In al-Dawlat al-Makkiyyah and its footnotes, Ahmad Rida Khan addresses the belief that the Prophet ﷺ was granted knowledge equal to Allah (in full detail and without any exceptions). He considers whether this belief – i.e. that the Prophet ﷺ possesses complete knowledge of everything known to Allah, including the full details of Allah’s essence and attributes – is kufr or not?
In one place (in his footnotes to al-Dawlat al-Makkiyyah), he defends this belief from the charge of kufr. He refutes Mulla ‘Ali al-Qari’s assertion that it constitutes obvious kufr by consensus. Ahmad Rida Khan claims that some “saints” held this view. He disagrees with it, deeming it an error, but claims that it should not be considered disbelief because some “saints” held this view and they acknowledged the Prophet’s ﷺ knowledge is contingent as opposed to Allah’s (which is eternal). In his opinion, the mere fact that it is rationally impossible is also not a basis for deeming it to be kufr. [See Excerpt One below]
Kiya yeh durust hai AlaHazrat ne kaha k Allah k barabar ilm khena kufr ni hai? Likin dursri jaga par
But then, in a different section of the same work, Ahmad Rida Khan explains the concept of “‘Ilm Mutlaq Tafsili,” which he says belongs exclusively to Allah. “‘Ilm Mutlaq Tafsili” means complete and detailed knowledge of all things that can possibly be known, a quality that he says cannot be affirmed for any creature. After saying ‘Ilm Mutlaq Tafsili belongs exclusively to Allah (and is negated for creation), he says: “Everything we just mentioned is established from the din by necessity whereby anyone who rejects any of it has rejected the din.” [See Excerpt Two below]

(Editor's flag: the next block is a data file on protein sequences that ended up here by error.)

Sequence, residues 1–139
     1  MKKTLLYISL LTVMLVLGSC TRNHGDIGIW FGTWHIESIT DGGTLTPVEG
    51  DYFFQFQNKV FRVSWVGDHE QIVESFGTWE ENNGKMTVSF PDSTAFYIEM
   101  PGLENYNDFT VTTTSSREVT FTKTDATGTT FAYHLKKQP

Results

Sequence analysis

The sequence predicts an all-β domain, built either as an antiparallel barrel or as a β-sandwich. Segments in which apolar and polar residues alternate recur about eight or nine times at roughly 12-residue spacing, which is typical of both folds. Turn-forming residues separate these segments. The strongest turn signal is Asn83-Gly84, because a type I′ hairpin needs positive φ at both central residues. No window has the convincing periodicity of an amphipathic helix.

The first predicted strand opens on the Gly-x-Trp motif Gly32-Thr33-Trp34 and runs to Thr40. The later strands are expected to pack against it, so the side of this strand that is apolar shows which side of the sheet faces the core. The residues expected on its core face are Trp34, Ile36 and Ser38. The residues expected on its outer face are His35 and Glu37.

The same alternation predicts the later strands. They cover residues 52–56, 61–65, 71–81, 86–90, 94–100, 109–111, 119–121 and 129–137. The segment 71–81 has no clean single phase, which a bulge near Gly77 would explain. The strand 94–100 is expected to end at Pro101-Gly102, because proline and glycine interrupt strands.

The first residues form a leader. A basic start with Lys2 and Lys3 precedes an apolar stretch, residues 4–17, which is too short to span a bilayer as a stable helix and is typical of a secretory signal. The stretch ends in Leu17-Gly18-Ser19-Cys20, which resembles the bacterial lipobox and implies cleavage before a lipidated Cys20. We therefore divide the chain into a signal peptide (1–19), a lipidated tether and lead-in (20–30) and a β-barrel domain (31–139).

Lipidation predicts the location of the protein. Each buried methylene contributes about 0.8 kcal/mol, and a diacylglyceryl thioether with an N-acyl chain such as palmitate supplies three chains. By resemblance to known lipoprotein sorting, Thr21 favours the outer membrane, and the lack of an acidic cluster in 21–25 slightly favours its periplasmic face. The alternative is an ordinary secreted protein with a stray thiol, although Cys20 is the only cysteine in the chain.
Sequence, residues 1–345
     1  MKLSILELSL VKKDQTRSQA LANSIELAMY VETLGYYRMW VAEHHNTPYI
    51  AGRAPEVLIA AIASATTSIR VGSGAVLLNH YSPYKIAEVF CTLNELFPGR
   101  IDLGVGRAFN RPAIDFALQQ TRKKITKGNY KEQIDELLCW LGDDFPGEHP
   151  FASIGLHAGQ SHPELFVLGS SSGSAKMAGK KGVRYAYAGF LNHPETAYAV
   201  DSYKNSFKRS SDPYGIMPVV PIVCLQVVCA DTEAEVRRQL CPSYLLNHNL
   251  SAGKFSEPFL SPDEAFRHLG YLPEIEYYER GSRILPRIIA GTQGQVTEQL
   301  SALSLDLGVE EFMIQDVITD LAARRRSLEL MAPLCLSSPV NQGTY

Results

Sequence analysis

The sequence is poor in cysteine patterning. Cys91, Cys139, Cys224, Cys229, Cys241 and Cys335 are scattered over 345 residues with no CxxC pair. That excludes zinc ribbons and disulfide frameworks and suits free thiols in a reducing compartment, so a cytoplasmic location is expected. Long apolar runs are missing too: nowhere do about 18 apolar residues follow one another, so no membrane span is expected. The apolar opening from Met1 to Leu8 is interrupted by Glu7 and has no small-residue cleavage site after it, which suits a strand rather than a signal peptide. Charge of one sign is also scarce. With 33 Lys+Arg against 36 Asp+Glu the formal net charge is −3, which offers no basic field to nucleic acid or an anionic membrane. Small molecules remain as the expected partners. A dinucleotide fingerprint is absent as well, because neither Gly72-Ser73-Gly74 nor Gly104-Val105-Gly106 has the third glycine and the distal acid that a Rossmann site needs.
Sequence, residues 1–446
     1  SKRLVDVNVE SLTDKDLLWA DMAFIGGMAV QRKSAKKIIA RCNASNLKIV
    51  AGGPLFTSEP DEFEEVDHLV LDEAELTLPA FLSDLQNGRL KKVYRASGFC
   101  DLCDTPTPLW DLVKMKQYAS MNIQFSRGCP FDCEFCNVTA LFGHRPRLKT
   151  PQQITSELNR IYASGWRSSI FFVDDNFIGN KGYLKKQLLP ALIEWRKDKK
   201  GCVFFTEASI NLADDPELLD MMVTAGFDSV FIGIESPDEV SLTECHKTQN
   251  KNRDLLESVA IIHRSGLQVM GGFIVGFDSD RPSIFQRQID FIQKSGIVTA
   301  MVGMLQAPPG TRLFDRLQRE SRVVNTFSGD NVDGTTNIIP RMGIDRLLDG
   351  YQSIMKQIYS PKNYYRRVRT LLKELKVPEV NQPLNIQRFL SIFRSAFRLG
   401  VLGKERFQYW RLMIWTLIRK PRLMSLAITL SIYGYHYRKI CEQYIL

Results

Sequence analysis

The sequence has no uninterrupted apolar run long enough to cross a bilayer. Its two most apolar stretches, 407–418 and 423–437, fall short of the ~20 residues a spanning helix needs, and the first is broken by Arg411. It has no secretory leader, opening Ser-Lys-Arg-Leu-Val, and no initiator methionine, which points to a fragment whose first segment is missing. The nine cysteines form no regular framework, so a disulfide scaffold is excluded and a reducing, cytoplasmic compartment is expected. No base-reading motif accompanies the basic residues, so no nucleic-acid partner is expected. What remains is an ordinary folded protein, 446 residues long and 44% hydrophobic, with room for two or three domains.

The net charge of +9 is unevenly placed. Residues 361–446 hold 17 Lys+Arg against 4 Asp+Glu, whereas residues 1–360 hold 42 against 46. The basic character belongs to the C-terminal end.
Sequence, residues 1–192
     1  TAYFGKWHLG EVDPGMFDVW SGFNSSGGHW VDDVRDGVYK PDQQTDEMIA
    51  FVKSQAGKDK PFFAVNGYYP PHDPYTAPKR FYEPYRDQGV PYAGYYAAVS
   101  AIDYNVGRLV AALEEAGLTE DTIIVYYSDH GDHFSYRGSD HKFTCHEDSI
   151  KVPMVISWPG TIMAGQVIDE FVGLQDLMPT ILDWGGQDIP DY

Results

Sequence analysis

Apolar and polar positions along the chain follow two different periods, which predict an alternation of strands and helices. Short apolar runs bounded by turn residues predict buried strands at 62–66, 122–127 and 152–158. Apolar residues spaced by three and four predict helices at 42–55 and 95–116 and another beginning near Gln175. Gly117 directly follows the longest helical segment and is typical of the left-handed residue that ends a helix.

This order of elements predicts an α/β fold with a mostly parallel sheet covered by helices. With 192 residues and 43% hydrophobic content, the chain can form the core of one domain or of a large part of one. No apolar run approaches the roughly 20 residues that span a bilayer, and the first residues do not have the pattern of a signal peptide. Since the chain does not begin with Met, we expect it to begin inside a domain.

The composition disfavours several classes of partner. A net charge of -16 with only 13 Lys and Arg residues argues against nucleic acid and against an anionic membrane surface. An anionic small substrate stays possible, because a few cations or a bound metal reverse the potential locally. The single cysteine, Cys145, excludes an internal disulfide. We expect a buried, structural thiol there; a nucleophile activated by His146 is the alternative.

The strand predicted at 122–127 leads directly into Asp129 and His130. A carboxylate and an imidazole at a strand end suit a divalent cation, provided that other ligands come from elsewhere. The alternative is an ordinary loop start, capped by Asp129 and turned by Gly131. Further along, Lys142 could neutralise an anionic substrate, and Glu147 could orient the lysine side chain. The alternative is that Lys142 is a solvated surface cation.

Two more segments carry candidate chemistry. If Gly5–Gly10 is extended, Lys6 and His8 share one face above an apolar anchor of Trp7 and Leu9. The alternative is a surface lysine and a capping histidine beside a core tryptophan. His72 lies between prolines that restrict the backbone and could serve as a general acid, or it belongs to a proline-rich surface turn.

He further says that to claim encompassing knowledge like Allah is kufr. [See Excerpt Three below] He further says: “As for ‘all’ in the sense of actual encompassment of all things known to Allah in detail, we have informed you that it is undoubtedly and definitively impossible for creation, rationally and scripturally.” [See Excerpt Four below]
Hence, in one place he claims equating the Prophet’s ﷺ knowledge with Allah’s (in terms of quantity) is not kufr. In another place, he says it is kufr. Which is it? This is not a minor contradiction. If something is ma’lum min al-din bi ‘l-darurah, then to believe it is not kufr is itself kufr, as Ahmad Rida Khan and Barelwis are well aware.
A request to Barelwis to resolve this contradiction.
Ab jawab dain ap log